Corn price, delays, operational issues contribute to bankruptcy

By Holly Jessen | February 02, 2011

First United Ethanol LLC announced Feb. 2 that its wholly-owned subsidiary, Southwest Georgia Ethanol LLC, has filed for Chapter 11 bankruptcy protection. “We are using this Chapter 11 filing as a tool to recognize and protect the value of our business for the long term,” said Murray Campbell, CEO of FUEL, which will continue to manage the plant and doesn’t plan to file for Chapter 11.

The plant, a 100 MMgy ethanol plant in Camilla, Ga., will continue to operate as a debtor in possession while working out a reorganization plan to restructure its debts and pay creditors. Currently, it doesn’t expect to cut back on purchases of inputs, including corn.

According to documents filed in U.S. Bankruptcy Court in the Middle District of Georgia, Albany Division, consolidated financial statements show revenue of $168 million for the fiscal year ending Sept. 30. As of Dec. 31, the company had assets of about $164 million and liabilities of $134 million.

The Chapter 11 filing came about due to liquidity constraints that resulted from operational problems that have now been largely resolved, the company said. Since becoming operational in October 2008 the plant had to stop production numerous times, which the debtor “attributes to construction and design problems,” according to bankruptcy filing documents. At one point, an explosion halted production for more than a week and output was reduced in 2010 because heat was not dissipating sufficiently during the summer months.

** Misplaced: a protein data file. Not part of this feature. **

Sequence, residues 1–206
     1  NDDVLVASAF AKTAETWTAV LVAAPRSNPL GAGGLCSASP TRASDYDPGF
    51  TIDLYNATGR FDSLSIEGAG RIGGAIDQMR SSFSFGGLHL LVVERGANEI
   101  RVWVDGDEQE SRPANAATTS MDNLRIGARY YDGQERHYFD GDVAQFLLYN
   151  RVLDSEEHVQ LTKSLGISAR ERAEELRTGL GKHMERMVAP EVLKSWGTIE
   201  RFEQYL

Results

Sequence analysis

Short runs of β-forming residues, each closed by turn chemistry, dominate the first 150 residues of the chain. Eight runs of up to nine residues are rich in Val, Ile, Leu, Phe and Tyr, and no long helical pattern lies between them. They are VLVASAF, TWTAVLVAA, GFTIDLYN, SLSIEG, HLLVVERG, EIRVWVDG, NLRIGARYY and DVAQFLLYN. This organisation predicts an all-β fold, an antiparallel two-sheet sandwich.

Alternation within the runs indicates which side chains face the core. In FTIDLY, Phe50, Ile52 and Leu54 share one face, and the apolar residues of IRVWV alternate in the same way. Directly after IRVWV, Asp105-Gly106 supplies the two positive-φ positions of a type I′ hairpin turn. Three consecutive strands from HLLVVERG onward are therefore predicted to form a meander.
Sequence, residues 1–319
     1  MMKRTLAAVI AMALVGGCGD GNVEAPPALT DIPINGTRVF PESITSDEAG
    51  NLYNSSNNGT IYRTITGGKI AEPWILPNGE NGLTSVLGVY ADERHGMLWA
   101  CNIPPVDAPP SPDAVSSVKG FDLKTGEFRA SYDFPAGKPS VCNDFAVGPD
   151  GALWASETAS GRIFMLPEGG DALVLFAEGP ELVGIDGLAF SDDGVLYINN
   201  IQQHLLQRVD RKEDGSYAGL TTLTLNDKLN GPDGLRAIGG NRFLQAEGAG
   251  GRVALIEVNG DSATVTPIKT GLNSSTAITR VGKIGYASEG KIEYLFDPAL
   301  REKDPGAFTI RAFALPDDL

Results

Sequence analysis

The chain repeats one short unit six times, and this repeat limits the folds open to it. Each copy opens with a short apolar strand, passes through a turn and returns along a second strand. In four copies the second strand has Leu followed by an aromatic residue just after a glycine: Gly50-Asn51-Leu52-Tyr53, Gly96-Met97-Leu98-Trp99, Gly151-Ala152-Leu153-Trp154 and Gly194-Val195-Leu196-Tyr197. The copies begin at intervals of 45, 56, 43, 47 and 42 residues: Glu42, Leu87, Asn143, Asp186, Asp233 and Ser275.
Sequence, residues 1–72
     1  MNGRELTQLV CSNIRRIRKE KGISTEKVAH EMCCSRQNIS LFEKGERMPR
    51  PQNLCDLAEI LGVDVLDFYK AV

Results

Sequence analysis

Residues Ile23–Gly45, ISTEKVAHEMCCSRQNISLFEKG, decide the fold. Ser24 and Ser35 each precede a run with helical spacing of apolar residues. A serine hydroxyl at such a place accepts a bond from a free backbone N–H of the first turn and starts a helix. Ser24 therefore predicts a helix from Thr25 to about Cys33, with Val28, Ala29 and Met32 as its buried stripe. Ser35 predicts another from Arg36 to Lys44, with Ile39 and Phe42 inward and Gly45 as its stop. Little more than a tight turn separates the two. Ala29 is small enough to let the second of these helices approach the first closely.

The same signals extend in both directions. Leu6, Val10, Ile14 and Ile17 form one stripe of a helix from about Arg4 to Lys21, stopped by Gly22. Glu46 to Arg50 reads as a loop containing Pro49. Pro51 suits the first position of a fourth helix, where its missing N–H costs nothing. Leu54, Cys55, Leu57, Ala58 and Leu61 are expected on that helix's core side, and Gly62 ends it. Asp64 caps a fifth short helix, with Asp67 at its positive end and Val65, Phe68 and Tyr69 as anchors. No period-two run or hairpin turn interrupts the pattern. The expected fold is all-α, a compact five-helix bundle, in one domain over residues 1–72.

The company also pointed to financial difficulties caused by increased corn prices and delivery delays. Corn is purchased from local corn producers when it is competitively priced but the majority is delivered via rail car from the Midwest. In 2010 there were many instances of rail car delays that prompted the company to purchase corn from local vendors at a substantial premium so it could keep operating. “On several occasions the debtor was forced to stop production either because of liquidity constraints which limited its ability to purchase corn or because of corn delivery issues,” court documents said.

A sixth amendment to the loan agreement and fourth amendment to the accounts agreement were hammered out this summer. However, the company didn’t meet working capital deficit thresholds set in those agreements and has been assessed penalty fees of about $1.3 million per quarter, which has been charged to interest. The company also owes other companies, including about $3 million to Fagen Inc., the design-build company.  

The ethanol plant has roots that go back to 2005, when the Mitchell County Research Group LLC formed and funded a feasibility study. Several months later a board was formed and the name was changed to First United Ethanol LLC. Construction began in the spring of 2007 with costs projected to be $185 million to build the plant. An equity offering in 2007 bought in $74 million from more than 800 investors.